Maverick Citizen


Operation Dudula threat to remove migrant children from schools sparks warning from activists

Operation Dudula threat to remove migrant children from schools sparks warning from activists
Operation Dudula members protest outside Department of Basic Education offices in Parow, Cape Town, while hundreds of parents queue to register their children on 17 January 2023. The group is advocating for the prioritisation of South African teachers and pupils in public schools. (Photo: Gallo Images / Brenton Geach)

Amid a reported campaign by the anti-foreigner group to remove migrant pupils from Diepsloot schools, an Equal Education researcher and an attorney with the Equal Education Law Centre have stressed the importance of recognising the false narrative used to scapegoat foreigners for government failures and encourage xenophobic sentiments.

Reports of a campaign by Operation Dudula to remove migrant children from schools in Diepsloot, Johannesburg, have prompted a warning by activists to be alive to the anti-foreigner group’s methods – as well as concern about the Department of Basic Education’s failure to respond.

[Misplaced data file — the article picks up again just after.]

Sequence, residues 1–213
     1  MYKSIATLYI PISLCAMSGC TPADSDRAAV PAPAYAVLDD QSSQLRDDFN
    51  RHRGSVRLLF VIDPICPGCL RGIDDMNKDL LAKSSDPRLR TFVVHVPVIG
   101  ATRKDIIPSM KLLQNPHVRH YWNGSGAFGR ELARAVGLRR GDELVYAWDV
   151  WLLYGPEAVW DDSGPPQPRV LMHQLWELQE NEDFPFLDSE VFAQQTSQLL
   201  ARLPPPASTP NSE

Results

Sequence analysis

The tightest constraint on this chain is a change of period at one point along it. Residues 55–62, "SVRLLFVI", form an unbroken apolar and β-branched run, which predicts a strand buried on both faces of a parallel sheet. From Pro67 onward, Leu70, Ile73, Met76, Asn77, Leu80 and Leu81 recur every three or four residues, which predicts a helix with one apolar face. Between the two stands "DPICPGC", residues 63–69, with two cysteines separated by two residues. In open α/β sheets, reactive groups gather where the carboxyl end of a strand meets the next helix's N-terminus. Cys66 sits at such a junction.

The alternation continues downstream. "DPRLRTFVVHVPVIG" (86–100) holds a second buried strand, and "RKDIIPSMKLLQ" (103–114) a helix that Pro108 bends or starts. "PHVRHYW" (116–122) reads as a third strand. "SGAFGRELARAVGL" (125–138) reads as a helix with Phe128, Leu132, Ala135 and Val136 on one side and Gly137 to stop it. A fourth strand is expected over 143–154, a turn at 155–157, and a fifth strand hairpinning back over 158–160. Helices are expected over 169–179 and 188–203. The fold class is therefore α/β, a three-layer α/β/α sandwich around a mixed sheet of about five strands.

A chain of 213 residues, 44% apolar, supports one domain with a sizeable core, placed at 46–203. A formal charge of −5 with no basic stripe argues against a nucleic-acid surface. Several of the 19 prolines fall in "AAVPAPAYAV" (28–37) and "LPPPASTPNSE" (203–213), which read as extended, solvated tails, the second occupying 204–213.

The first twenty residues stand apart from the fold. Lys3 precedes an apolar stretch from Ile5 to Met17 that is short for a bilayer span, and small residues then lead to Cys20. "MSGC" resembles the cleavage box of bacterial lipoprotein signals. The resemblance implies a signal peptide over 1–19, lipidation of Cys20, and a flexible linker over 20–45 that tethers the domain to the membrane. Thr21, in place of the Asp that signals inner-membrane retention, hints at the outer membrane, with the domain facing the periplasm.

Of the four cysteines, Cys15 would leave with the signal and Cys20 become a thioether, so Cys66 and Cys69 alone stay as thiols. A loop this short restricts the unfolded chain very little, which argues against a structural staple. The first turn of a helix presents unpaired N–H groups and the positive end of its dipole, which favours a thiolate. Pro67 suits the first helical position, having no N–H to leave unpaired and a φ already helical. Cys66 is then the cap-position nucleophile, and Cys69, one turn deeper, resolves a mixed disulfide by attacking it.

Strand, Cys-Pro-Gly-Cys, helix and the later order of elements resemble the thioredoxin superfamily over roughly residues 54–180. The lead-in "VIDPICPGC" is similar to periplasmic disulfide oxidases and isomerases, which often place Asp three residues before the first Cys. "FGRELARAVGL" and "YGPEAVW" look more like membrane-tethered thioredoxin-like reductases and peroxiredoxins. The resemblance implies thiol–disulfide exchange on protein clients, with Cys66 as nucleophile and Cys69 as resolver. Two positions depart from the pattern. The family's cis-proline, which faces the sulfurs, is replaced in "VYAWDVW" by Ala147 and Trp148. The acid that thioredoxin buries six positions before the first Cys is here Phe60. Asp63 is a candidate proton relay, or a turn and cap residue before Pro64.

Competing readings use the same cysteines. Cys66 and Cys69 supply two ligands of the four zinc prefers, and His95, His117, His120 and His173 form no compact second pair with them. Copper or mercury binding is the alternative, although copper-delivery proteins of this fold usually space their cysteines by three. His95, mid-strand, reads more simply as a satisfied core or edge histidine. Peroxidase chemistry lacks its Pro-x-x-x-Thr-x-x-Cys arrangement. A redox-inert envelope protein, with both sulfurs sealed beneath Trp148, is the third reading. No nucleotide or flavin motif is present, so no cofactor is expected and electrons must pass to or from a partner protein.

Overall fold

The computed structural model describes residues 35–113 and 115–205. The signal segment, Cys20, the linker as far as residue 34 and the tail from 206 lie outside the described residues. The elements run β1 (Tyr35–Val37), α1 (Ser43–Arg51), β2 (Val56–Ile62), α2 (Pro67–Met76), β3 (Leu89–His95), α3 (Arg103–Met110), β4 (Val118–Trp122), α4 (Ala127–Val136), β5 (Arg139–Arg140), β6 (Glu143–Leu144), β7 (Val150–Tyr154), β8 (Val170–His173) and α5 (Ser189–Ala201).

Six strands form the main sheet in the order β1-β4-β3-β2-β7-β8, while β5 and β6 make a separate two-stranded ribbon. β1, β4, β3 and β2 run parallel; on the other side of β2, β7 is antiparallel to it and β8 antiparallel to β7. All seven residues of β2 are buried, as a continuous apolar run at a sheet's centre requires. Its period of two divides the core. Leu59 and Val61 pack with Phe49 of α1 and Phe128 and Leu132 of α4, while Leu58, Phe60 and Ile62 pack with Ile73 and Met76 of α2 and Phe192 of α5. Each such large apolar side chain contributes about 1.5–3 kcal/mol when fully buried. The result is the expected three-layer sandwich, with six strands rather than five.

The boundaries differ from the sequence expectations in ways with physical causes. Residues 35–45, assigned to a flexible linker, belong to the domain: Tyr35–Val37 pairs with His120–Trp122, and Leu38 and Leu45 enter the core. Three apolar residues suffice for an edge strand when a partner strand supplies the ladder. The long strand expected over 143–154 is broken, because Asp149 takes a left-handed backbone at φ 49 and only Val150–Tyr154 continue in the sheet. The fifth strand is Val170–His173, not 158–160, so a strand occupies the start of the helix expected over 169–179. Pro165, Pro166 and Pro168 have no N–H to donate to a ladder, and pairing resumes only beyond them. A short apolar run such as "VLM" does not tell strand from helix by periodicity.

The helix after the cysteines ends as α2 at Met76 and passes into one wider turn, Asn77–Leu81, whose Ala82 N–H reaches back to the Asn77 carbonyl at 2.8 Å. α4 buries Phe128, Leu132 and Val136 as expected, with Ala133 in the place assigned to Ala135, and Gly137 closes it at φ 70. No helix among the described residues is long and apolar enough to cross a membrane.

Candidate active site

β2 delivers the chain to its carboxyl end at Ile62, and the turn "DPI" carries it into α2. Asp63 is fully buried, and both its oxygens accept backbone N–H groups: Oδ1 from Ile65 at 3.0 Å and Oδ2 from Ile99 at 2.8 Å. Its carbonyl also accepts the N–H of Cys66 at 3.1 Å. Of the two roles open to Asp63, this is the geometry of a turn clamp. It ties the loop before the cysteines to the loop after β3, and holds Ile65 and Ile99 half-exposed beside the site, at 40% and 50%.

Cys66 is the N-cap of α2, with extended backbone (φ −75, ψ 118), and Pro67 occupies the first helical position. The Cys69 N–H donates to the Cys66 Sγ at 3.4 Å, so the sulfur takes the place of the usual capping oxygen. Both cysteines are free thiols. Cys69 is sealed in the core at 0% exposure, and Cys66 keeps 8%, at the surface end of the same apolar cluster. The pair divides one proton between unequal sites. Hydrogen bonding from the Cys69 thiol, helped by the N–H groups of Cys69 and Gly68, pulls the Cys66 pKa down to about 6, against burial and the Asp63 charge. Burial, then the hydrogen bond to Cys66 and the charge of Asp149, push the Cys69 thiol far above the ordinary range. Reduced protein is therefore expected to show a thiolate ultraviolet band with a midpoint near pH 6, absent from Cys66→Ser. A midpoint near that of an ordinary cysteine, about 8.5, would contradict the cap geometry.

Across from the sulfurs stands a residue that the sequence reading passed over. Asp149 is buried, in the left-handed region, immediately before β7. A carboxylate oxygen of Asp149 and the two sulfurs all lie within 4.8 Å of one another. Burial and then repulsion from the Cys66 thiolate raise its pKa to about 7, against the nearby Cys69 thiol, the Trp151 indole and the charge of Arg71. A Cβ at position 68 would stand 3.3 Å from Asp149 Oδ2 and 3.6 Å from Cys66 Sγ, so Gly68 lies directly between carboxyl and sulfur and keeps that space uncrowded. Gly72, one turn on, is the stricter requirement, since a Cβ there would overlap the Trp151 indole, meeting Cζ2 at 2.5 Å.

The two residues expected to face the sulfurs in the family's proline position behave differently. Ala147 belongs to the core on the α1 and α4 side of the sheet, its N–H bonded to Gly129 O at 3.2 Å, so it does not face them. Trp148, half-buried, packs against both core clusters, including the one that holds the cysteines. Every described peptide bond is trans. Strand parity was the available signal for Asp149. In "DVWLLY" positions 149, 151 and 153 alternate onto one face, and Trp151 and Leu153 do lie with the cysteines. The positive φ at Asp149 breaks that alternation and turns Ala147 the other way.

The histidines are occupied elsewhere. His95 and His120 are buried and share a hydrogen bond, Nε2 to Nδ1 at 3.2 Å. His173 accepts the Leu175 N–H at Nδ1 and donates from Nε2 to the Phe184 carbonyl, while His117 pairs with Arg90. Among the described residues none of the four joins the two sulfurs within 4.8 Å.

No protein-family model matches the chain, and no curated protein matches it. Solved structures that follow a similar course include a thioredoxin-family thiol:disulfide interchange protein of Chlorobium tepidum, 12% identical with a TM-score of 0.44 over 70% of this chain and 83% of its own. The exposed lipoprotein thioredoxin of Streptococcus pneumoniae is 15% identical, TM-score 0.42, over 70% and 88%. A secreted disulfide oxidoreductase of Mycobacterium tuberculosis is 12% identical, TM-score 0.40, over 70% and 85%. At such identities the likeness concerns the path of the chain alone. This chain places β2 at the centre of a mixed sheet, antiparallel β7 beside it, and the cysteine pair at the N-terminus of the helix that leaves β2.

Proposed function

Activist organisation Kopanang Africa Against Xenophobia (KAAX) said news of the campaign emerged following a message on social media inviting members of Operation Dudula’s Diepsloot branch to attend a mass meeting on 26 January. 

When KAAX asked the group to confirm the content of the message, it refused to engage with them, says Dale McKinley from KAAX. 

“This is the attitude Operation Dudula has always had when we have attempted to try and dialogue with them. They have no desire to have any dialogue, answer questions or engage,” he said. 

Meanwhile, Equal Education has received reports from Diepsloot residents that members of Operation Dudula have been spotted entering school premises and engaging with school staff, said Equal Education researcher Katherine Sutherland and Equal Education Law Centre attorney Anjuli Maistry. 

To their knowledge, no pupils had been removed from school as part of the campaign. 

Operation Dudula blames foreigners for the non-placement of South African pupils in schools.

Read in Daily Maverick: 

The toxic and tragic results of Dudula’s hate campaign in Orange Grove

Inside Joburg’s building of darkness, where migrants live in fear as Operation Dudula threats amplify

Operation Dudula: When deep-seated frustration meets prejudice and weak leadership

“It is extremely difficult to monitor the activities of Operation Dudula in schools due to how they organise, their intimidation tactics, and a lack of media coverage of their activities,” they explained. 

Operation Dudula also claimed on Twitter that it had visited Lekamoso Secondary School in Etwatwa, Ekurhuleni, and removed 179 migrant pupils on 19 January. However, the principal has refuted the claim. “Operation Dudula never removed learners from our school; they have misled the public about this big lie,” said Jabu Madonsela.